As late as January this year, Adhikari moved the Calcutta High Court to secure permission to hold a rally in Netai and pay his respects to the deceased in the backdrop of the administration’s refusal to grant him access to the village where Trinamool Congress-backed Netai Shahid Smritiraksha Samiti observes the day by garlanding the mausoleum built in memory of the martyrs.

“Peace is all we need. We don’t want to go back to those days whose memory haunts us even now. We do not want to see any more blood spill and don’t want politics to rule our lives,” said Sarajit Roy, a TMC worker in the village.

At a cursory glance, it’s difficult to distinguish Netai from any other advancing village of Bengal, where concrete dwellings have replaced most of the mud huts which dominated the village landscape 13 years ago. Surrounded by fertile agricultural land which, according to villagers, yielded three to four crops annually, the village now boasts metalled roads, a primary health centre and a high school.

“There have been enough developments in this region in the last decade, thanks to Mamata Banerjee’s efforts. But, people here are more focused on earning their livelihood than taking part in politics,” Roy said.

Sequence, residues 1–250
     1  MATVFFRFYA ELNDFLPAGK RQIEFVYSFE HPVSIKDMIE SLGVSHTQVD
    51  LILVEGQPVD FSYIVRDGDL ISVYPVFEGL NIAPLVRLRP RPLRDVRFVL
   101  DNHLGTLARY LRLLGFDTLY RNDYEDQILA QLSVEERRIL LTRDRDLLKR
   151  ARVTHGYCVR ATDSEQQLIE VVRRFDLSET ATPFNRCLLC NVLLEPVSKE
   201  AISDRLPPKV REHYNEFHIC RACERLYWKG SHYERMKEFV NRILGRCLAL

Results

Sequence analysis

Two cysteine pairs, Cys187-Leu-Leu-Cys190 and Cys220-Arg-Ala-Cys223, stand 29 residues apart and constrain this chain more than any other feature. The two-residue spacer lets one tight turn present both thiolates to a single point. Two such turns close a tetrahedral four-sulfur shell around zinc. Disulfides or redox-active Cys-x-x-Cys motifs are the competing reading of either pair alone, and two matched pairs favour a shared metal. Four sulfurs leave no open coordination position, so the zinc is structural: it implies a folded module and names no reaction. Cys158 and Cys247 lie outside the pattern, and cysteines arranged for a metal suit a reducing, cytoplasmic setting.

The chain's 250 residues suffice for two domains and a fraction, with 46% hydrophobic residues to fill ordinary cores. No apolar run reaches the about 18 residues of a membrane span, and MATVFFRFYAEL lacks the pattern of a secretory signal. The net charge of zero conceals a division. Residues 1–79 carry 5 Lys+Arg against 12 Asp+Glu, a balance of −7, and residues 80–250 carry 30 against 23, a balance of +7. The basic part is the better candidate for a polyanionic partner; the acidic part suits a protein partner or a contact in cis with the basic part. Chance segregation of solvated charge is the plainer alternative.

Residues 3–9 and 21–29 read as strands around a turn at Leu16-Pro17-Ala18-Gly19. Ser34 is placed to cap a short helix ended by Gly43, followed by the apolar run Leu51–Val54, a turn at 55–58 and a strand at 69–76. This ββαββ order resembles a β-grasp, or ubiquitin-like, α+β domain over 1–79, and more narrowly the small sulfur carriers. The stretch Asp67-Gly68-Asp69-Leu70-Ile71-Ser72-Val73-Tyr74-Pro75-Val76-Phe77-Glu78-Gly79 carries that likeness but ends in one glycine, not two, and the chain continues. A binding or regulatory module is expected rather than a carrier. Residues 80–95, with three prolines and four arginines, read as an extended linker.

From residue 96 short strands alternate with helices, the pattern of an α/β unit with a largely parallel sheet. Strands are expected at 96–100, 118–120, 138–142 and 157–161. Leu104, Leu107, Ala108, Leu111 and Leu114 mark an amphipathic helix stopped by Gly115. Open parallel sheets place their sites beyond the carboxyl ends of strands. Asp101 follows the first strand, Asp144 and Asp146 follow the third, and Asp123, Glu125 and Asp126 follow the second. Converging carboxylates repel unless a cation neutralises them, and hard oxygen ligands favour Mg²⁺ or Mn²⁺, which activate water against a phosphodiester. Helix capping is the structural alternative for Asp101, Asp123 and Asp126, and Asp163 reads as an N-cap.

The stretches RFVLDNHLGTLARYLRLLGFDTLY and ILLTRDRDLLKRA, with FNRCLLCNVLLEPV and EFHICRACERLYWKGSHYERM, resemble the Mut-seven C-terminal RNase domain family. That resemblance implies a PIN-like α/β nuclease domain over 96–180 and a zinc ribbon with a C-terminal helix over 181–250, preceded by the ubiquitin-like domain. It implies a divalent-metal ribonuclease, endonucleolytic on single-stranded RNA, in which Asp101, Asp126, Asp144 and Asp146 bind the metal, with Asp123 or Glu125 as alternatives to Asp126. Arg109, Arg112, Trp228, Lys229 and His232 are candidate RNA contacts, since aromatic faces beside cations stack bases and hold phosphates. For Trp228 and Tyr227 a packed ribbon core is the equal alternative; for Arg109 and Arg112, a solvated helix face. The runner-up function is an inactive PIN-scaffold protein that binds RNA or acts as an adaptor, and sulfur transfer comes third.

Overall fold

Echoing Roy’s statement, Asish Ghorai, a farmer, chipped in, stating, “There’s no need for any change here. Any effort to bring about a change would result in disruption of peace.”

While Roy and Ghorai advocated for the ruling TMC dispensation of the state, the fact remains that the Jhargram seat is currently held by the BJP after defeating the TMC in 2019, with the latter desperate to snatch it back when the constituency goes to polls on May 25.

The TMC has, in the meanwhile, swept the intermediate elections of the state assembly in 2021 and the recently held panchayat polls in 2023 from the area.

Mondal, whose wife succumbed to bullet wounds in her abdomen in 2011, confessed to having received monetary compensation from the state government and jobs of junior of junior police constables for his two sons. “Let’s not think about political bickering anymore,” he said.

Villagers, though, voiced their need for job opportunities for youth in the area and blamed political parties for turning a blind eye to it.

“Young people are migrating from our village to get engaged in ornament making, masonry and even for daily earning. We can hardly sustain on the prevailing local wage rate of 150 a day,” said Anath Roy, another villager.